For the first time in forever, I went to a café. Going to a café is a very normal thing to do but even normal things become thrilling when you haven’t experienced them in a while. Sitting at that little table, I felt like an old person revisiting a childhood home or looking through photo albums and reliving distant memories. Things came back; I remembered. 

Remembering is both a blessing and a curse. There is pain in remembering but there is also joy. I want to forget certain people, places, and feelings. But there are people, places, and feelings I remember and long for, yearning for their return with a wistfulness as plaintive as a saxophone solo in a dimly lit bar. 

I am old enough to remember the good ol’ days. The days where it was normal to sit in cafés and hug people and wear lipstick without having it smear against the cloth of a mask. The days of crowded buses and deciding what outfit to wear to work. Thinking about what life was like pre-Covid is taking out a neat little box full of polaroid pictures and ticket stubs and handwritten notes. Everything about the past seems precious and worth hanging onto, all the more so because there is a fear and a real possibility that life won’t ever return to the way it used to be.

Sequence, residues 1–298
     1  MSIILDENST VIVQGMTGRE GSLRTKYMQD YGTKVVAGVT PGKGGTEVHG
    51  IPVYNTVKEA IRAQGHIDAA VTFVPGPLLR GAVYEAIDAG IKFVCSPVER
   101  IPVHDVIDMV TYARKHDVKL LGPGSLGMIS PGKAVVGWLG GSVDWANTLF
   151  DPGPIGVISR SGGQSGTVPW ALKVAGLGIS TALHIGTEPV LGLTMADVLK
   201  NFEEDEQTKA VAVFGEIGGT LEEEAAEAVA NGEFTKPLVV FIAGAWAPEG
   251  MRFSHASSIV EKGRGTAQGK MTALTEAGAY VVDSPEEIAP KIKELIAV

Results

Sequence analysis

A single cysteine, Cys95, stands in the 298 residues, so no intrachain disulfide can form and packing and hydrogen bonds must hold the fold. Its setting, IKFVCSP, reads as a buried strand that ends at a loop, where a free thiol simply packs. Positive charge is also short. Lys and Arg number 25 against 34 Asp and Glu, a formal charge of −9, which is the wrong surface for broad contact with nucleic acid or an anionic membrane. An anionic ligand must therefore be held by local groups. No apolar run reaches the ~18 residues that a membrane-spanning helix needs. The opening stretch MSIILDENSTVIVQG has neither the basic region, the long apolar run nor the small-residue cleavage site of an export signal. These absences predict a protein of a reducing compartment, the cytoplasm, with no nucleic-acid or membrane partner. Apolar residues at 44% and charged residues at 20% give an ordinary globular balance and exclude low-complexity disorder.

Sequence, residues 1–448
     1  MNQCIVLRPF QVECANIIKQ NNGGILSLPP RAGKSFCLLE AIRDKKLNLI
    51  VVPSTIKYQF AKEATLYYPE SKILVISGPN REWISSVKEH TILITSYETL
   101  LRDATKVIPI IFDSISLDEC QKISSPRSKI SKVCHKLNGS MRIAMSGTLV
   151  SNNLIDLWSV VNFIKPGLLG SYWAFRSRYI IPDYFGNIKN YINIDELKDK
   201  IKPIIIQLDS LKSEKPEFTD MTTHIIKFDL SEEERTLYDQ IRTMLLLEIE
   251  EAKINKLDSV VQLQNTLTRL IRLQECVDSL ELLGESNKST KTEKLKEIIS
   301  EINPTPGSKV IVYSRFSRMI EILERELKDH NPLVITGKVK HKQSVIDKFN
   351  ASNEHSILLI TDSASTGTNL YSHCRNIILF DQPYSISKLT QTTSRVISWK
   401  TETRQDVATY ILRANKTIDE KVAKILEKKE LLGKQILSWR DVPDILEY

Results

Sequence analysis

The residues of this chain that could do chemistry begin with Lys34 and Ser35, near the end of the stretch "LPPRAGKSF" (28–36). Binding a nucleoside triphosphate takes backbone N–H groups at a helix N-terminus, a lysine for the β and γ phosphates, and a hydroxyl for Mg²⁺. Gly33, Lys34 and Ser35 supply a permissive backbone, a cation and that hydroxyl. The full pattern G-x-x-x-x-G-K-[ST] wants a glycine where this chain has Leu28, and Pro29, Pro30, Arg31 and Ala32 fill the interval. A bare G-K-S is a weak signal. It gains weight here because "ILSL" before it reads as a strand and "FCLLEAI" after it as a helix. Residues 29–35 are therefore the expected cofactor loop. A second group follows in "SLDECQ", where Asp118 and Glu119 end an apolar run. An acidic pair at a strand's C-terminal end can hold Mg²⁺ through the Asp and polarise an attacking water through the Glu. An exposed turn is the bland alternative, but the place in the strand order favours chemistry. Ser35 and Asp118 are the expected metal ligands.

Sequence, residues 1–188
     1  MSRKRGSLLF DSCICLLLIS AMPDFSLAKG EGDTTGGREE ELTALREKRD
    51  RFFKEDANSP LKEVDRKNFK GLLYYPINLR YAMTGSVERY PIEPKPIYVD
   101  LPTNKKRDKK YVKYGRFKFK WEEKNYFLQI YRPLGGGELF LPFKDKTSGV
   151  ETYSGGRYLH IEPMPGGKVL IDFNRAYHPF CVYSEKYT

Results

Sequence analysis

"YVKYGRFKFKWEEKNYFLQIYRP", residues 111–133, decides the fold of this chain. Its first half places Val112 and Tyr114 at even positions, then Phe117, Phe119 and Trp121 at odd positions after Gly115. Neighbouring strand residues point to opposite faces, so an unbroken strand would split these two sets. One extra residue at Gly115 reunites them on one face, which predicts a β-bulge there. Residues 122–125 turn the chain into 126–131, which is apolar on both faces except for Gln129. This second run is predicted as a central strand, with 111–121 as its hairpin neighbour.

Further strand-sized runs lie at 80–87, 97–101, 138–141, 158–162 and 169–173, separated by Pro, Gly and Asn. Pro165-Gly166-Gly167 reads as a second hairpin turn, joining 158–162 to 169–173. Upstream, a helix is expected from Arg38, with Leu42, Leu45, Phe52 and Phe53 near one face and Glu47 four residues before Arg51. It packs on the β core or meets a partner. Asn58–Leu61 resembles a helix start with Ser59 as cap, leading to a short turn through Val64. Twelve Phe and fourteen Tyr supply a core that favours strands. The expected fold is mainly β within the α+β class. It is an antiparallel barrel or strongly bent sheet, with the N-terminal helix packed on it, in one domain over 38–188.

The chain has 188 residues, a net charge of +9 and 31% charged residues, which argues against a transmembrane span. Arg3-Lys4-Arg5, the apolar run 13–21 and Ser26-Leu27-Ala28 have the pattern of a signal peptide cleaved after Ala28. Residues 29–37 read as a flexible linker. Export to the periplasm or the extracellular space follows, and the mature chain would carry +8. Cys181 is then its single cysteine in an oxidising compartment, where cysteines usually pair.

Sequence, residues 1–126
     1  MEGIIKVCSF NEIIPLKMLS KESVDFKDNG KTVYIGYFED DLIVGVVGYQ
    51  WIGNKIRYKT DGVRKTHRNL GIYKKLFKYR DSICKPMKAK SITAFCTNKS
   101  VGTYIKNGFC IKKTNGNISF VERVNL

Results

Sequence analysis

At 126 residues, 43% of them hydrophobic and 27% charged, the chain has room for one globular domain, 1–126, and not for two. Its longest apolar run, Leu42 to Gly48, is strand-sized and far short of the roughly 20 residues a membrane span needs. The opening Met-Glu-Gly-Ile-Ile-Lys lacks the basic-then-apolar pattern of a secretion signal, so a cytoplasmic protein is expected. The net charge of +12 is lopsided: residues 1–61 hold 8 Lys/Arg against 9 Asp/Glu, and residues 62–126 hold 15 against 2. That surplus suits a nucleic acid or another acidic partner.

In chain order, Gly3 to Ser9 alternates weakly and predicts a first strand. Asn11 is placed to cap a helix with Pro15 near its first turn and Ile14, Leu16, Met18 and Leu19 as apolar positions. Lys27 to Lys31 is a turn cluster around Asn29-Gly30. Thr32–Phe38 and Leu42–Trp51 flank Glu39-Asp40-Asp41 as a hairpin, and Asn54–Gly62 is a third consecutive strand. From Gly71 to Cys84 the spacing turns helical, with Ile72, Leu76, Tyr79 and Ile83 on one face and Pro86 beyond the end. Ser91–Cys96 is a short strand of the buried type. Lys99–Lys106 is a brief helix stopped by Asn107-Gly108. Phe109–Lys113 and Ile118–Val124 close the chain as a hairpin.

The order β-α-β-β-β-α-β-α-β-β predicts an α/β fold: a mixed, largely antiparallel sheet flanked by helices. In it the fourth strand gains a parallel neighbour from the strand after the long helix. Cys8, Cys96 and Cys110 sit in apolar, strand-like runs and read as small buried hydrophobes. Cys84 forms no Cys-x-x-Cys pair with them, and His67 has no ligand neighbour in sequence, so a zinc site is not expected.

In some ways, the passing of time is irrelevant. A lot can happen in a month and a whole year can go by without anything changing at all. In this case, the world is different than it was a year ago and I am different too. So was my experience at the café. We all had to enter wearing a mask, and use hand sanitizer at the door, and tell the staff if we needed to use the toilet so that they could make sure it was properly sanitized. Remembering the way things used to be makes the present feel somehow even more strange, like we are all actors in a play and though the scene bears a resemblance to reality, there’s no way it could possibly be real. 

The miracle is that even though things are different than the way we remember them, here we are anyway: adapting, carrying on, trying, and making the most of the present in whatever way we can. 

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